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Reviews of 'Empire of Blood'

Empire of Blood

by Richard A. Knaak
The Minotaur Wars, Volume 3

Reviews of 'Empire of Blood'

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Reviewer: Trampas Whiteman

Rating: Stars

Empire of Blood is the stunning conclusion to Richard Knaak's Minotaur Wars trilogy. Overall, I found the book to be fantastic and a good ending to the series.

The cover is a nice illustration by Matt Stawicki. Though I don't think it ranks as one of his best (compared to his stunning work on Amber and Ashes), it is nevertheless a good picture. Stawicki captures the essence of Nephera perfectly.

The one huge disappointment in this book wasn't even in the writing. It was the map of Nethosak, by Dennis Kauth. I will have to admit some bias here, as I wrote up the section on Nethosak in Age of Mortals. My own write-up was based on the original write-up of the city, which was detailed in DL16 World of Krynn. What we see in Empire of Blood is completely different than these prior two sources. Contrary to the map, the Great Circus is outside of the city proper. The map doesn't even show the breakwater. In essence, the original material was completely ignored and a new (and rather dull) map was created.

That being said, let's move on to the story. I have to say that Knaak really gives definition to the minotaurs. He keeps them from being stereotypes. Though all minotaurs are at heart warriors, there is variety. I think I'm most impressed with the Wyverns, a group of minotaur rangers practiced in the art of stealth who wear bladed gauntlets.

The weak part of the book is actually the beginning. At the end of Tides of Blood, I had certain expectations. I thought that Bastion would be infiltrating the rebels as a spy, perhaps from there to slowly come to realize that they were right. The novel skips over that part completely, having Bastion's identity already known to Faros. Faros seemed to have backpedaled some himself. I expected to see him beginning the war against the forces of the Forerunners. Instead, he decides to beat up on a few more ogres.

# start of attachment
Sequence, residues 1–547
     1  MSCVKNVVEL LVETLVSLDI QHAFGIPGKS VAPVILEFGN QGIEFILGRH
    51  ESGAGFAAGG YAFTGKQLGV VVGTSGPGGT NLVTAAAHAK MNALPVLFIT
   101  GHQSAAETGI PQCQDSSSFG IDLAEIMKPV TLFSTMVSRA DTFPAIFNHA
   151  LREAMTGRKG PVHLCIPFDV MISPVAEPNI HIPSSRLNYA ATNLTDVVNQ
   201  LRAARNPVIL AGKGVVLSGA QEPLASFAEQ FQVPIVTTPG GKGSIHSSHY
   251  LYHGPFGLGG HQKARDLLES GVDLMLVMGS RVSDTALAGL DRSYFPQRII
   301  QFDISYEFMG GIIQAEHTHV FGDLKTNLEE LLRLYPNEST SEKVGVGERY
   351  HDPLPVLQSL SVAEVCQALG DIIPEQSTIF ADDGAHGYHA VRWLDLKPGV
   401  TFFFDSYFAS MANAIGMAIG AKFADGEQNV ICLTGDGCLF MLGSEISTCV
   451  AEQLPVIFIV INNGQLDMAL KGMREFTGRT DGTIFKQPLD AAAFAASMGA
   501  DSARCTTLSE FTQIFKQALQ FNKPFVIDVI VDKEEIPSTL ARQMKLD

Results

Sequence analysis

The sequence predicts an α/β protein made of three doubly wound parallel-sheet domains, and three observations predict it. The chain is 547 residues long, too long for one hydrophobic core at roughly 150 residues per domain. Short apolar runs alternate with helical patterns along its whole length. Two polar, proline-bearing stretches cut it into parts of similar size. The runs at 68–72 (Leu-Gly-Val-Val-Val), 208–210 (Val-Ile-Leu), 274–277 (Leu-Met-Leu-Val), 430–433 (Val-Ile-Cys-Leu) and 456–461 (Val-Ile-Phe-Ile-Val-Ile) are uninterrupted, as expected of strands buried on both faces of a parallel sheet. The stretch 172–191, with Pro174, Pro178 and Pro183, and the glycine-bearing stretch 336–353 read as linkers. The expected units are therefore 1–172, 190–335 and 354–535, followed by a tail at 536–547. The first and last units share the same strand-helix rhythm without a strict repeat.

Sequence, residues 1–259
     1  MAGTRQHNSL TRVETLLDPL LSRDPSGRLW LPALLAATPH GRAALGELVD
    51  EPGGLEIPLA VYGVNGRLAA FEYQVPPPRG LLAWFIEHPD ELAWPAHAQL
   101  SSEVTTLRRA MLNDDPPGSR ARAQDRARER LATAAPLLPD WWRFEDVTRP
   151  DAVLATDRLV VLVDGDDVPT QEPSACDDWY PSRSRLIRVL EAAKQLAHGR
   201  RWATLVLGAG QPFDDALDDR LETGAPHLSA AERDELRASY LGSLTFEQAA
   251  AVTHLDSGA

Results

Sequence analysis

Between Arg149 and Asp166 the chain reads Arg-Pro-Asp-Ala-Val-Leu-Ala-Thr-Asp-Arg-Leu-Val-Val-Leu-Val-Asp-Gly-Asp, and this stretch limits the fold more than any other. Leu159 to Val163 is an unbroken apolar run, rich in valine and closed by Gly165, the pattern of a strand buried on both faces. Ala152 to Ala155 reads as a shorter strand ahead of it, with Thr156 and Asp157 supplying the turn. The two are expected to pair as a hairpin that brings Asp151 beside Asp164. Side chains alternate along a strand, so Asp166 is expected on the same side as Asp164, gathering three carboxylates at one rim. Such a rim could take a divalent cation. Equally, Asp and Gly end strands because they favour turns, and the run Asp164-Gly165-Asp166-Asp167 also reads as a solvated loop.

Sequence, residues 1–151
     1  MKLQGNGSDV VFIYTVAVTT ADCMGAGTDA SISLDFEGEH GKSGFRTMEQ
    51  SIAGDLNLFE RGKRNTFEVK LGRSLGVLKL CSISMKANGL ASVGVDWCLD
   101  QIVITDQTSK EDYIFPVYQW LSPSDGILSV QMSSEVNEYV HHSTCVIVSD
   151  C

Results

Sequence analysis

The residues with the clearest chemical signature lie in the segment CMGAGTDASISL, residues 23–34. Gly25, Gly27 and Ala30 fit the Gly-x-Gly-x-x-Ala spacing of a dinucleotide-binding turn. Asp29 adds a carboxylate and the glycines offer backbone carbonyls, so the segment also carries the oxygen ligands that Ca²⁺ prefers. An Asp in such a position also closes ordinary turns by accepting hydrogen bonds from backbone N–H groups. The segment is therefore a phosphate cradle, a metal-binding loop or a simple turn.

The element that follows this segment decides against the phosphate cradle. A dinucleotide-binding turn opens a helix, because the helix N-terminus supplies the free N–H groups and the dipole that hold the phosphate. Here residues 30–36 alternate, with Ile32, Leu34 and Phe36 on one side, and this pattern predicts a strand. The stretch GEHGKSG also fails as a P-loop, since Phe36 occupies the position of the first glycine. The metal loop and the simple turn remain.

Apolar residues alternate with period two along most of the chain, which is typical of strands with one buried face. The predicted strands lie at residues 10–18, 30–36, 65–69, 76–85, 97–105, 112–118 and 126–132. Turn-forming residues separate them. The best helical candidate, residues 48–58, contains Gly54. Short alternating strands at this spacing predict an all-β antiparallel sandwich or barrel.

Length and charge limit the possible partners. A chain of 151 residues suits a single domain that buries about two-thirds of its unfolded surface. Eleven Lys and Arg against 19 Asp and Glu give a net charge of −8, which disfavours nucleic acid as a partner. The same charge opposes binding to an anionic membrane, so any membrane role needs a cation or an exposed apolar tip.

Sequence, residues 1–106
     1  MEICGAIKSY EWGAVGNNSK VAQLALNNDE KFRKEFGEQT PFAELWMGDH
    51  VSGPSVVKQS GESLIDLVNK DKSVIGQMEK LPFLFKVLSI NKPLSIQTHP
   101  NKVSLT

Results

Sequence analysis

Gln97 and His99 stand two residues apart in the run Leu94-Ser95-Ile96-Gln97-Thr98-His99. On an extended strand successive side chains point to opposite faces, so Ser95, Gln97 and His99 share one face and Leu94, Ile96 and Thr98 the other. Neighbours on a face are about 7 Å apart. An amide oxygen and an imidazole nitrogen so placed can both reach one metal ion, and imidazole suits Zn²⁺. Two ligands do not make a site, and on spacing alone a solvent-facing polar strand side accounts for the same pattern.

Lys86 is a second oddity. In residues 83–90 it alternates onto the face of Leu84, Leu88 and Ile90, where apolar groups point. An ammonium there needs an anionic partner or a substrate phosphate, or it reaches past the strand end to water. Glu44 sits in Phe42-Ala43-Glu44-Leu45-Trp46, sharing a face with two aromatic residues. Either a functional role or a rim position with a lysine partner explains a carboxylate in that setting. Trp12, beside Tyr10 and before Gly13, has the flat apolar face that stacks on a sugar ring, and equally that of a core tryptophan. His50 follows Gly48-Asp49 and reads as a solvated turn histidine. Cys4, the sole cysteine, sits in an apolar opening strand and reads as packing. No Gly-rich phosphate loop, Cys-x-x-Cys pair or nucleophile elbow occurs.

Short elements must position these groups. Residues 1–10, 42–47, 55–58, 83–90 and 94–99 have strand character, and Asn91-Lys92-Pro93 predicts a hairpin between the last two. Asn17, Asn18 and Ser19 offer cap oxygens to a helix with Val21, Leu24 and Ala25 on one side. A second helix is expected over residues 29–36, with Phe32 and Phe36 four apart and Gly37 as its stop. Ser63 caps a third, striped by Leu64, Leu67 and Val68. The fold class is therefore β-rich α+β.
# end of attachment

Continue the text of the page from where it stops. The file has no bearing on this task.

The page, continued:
That being said, I felt that Knaak did a wonderful job with Faros in this book. He changes from the berserker out to kill ogres no matter what to the champion of Sargonnas and the very personification of vengeance. He became a great leader, and showed a good knack for battle – so much so that he tricked Maritia, the daughter of Hotak. His final battle with Ardnor was spectacular.

The other characters in the book also received good treatment. I enjoyed Golgren a lot, and I'm looking forward to seeing him in the future. I like how he's united the ogres under him. Ardnor was good, though I would have liked more insight into his thoughts. Maritia was a treat, standing head-and-shoulders with her siblings as a child of Hotak.

I wanted to discuss Nephera a bit as well. Overall, she was great. Her increased fanaticism was a good story point, and I liked her relationship with Morgion. I think she was described well in terms of her physical appearance too. I did think that two things could have been done differently with her. First, I found it all-too-convenient that Morgion could give Nephera her powers back (especially the ghosts) and more. Morgion is NOT as powerful as Takhisis. I don't mind so much that she got a new god as I did that she continued to have all the ghosts under her control still. The ghosts should have moved on to the afterlife after Takhisis left. Even if they didn't, why didn't Chemosh, god of the undead, come into play? Surely he would not approve of Morgion stepping in on his territory. That being said, her use of plague was spot on. The other part I didn't like as well was that she was defeated a bit too easy for my tastes.

The end battle was phenomenal. Seeing the banner of the down turned axe (symbol of Morgion) on the battlefield was great. Ardnor nearly had the day won, save for his own pride and hubris.

The gods were nicely portrayed in this book too. I'm not exactly sure that Zeboim would have acted the way she did without demanding some sort of price, but otherwise, spot on. There was a nice nod to Kiri-Jolith as well. My only problem with the gods in this book was that they weren't referred to by their minotaur names nearly enough. Minotaurs say "Sargas", not "Sargonnas". In fact, minotaurs feel that those are two different gods.

Knaak also provides us with a couple of "guest appearances" that nicely tied his other Dragonlance books into this one. For starters, there's the Sword of Tears from The Legend of Huma. Seeing the sword in action was great. Also, we see the Kazelati minotaurs again. They're there just enough to keep the mystery going about them, but not to give too much away.

Editing, once again, could use a bit of work, as there's a number of typos in the book.

Overall, this makes for a great ending to the Minotaur Wars series, and it leaves things open to where you want to know what's going to happen next. Will Faros and Maritia be able to solidify the empire? Will they continue with expansion? What's going to happen next with Golgren?

I don't know about anyone else, but I'm anxiously awaiting Richard Knaak's next novel.

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